Saturday, December 27, 2008

Old home place

The chimney is all that is left standing of our old house. I lived up in this hollow until I was around 12 and then we moved down the road about a mile. I still love this old home place because you can go up there and you would think you're a hundred miles from civilization when, in fact, you're only 4-5 miles to town. You can't tell from the pictures but the old home place joined a national park so there was never a chance that anyone could build close to us.

When we lived there we had to walk about 2 miles to get to school. We just about always walked down the railroad. To get to the railroad we had to cross a creek and to do that there was a little narrow bridge that we walked across. Once in a while it would rain a lot and we couldn't get across. I can remember going another way where we didn't have to cross the bridge. However, to go that way we had to walk through the woods and grassy areas so we were normally soaked when we got to school.

We got electricity up to the house when I was 5 or 6. Of course we had to use the outhouse since we didn't have indoor plumbing. If I recall correctly, the house was 24 feet by 28 feet and contained 4 rooms. My oldest sister and I have figured our from our ages that at one time there were 7 of us kids and my mom and dad lived in that little house. Needless to say there was no privacy but I don't remember being concerned about it.

Mom did all the cooking on a wood burning stove. Of course we didn't have a chain saw so the wood was cut either with an axe, crosscut saw, or buck saw. We raised a lot of what we ate. Of course when I was a kid I thought the garden was huge but it doesn't look so big when I go back now. :) My mom would can stuff like crazy and we always had a milk cow and raised a couple hogs to slaughter. I loved it when we slaughtered the hogs because I knew my mom would make sausage and I loved sausage (still do).

My parents really had to be struggling a lot of times when we lived up there. Of course, being dumb kids we didn't know it back then. There was always something to eat and we always had something to wear even if it had been patched or handed down from an older sibling. Us boys normally went barefooted for most of the summer .. 1) We liked to and 2) To save our shoes.

Rose and I laugh about going back up there and taking pictures. I walk back up there just about every time I'm down to visit my brothers and just about every time I take some pictures. Needless to say I have a lot of pictures of the place that are almost identical.


Rose said...

Now this is a good post!

I bet we could throw our pictures together and not know who took what!

George said...

Neal, I agree with Rose -- this is a great post. I'm glad you have such happy memories of your old home. It's too bad the house is no longer there, but I'm glad the memories are.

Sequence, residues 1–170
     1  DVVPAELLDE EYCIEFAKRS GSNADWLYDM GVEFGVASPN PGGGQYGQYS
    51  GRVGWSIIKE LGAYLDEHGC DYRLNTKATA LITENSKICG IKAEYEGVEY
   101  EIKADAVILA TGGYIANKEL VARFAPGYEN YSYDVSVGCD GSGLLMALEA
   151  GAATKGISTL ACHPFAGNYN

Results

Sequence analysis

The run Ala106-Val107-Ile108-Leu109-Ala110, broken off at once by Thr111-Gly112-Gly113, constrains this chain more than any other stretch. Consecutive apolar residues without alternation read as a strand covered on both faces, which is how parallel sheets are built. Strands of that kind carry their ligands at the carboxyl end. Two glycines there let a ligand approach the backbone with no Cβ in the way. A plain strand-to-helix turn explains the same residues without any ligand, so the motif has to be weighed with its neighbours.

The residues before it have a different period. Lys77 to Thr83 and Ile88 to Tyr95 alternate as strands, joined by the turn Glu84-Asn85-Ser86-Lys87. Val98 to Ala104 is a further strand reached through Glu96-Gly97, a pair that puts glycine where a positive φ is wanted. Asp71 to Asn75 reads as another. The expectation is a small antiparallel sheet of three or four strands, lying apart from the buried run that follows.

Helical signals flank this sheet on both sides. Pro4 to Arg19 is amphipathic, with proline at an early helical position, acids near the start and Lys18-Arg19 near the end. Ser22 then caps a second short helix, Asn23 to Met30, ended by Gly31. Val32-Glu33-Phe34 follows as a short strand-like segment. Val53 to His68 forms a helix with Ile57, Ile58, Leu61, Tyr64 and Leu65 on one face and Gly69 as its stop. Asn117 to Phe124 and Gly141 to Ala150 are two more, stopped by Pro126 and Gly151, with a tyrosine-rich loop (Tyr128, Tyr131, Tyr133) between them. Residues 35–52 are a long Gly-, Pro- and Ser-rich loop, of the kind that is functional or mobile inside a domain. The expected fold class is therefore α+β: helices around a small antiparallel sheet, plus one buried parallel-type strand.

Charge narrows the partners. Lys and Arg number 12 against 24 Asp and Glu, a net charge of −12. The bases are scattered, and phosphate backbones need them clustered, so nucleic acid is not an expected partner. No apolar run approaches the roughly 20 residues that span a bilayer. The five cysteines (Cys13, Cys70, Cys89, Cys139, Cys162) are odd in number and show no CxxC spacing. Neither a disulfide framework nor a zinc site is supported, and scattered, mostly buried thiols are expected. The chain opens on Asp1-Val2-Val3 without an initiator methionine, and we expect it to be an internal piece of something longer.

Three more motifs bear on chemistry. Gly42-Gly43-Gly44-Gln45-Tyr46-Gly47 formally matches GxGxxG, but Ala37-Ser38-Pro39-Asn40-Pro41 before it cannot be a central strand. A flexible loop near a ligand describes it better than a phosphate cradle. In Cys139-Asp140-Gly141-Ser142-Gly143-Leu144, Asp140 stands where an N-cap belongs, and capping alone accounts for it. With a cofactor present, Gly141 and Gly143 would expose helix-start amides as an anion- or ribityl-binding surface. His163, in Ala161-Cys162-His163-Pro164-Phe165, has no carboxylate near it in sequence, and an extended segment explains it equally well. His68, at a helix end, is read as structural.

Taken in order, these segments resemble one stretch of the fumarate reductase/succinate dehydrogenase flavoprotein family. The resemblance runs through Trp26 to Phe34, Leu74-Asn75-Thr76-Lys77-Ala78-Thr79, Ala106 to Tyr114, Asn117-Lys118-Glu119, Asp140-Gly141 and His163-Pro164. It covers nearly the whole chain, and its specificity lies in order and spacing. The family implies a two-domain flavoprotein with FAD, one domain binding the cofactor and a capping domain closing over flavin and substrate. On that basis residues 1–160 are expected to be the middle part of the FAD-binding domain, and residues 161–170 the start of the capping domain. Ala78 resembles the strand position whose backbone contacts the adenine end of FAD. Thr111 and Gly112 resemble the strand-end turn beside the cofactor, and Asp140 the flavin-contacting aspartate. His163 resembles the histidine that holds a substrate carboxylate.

I, too, grew up in the country (though not quite as isolated as you) and I remember being surprised to learn when I was in school that we were poor. It sure didn't feel that way.
Thanks for a wonderful post.

Betsy from Tennessee said...

Wow Neal... I loved your post. You do have great memories of that little house and the life you and your siblings had. You were happy--and that is what counted, and you didn't lack for much (and didn't know it)--even with the limited resources. That is SO neat.

Kids who grow up appreciating what they have are much better off than kids who grow up with abundance. You --with your education and life experiences, would be better qualified to be a US Senator than Caroline Kennedy. She's never worked, or lacked for anything in her life. How can she possibly relate to the common man????

OKAY---off my soap box. BUT--I LOVED your post today. Thanks for sharing!

Tina said...

Wow, just love those mental images as you painted them with your words! I grew up on a mountain top in central pa with about 500 people.. we had in door plumbing but no heat upstairs and lived off the land..always had a deer or something my Dad had killed to fill our stomachs...I, like you, didn't know any different but LOVED growing up in the woods, with nature at my back door and memories like yours. I took my children back there as they grew until my parents passed and haven't been back since..but your post brought back all those walks to school, hand me downs and good ole cooked fast food around us!!! Thanks so enjoyed your post!!

dot said...

Love this post! When I see an old chimney standing like that I always wonder about the people who lived there. Looks like it was a beautiful spot.

Anonymous said...

Well, what happened to the house? Why is only the chimney still standing? Did it burn down or did time take it over? Does your family still own the property? Hehehe?! Ok, WoW - Am I Nosy Or What?!?!!
Great post!!!

Neal said...

No, we tore down the house and used the lumber and tin off the roof on the barn that we built. My older brother still owns the land. We were very poor so we used everything over and over as long as we could.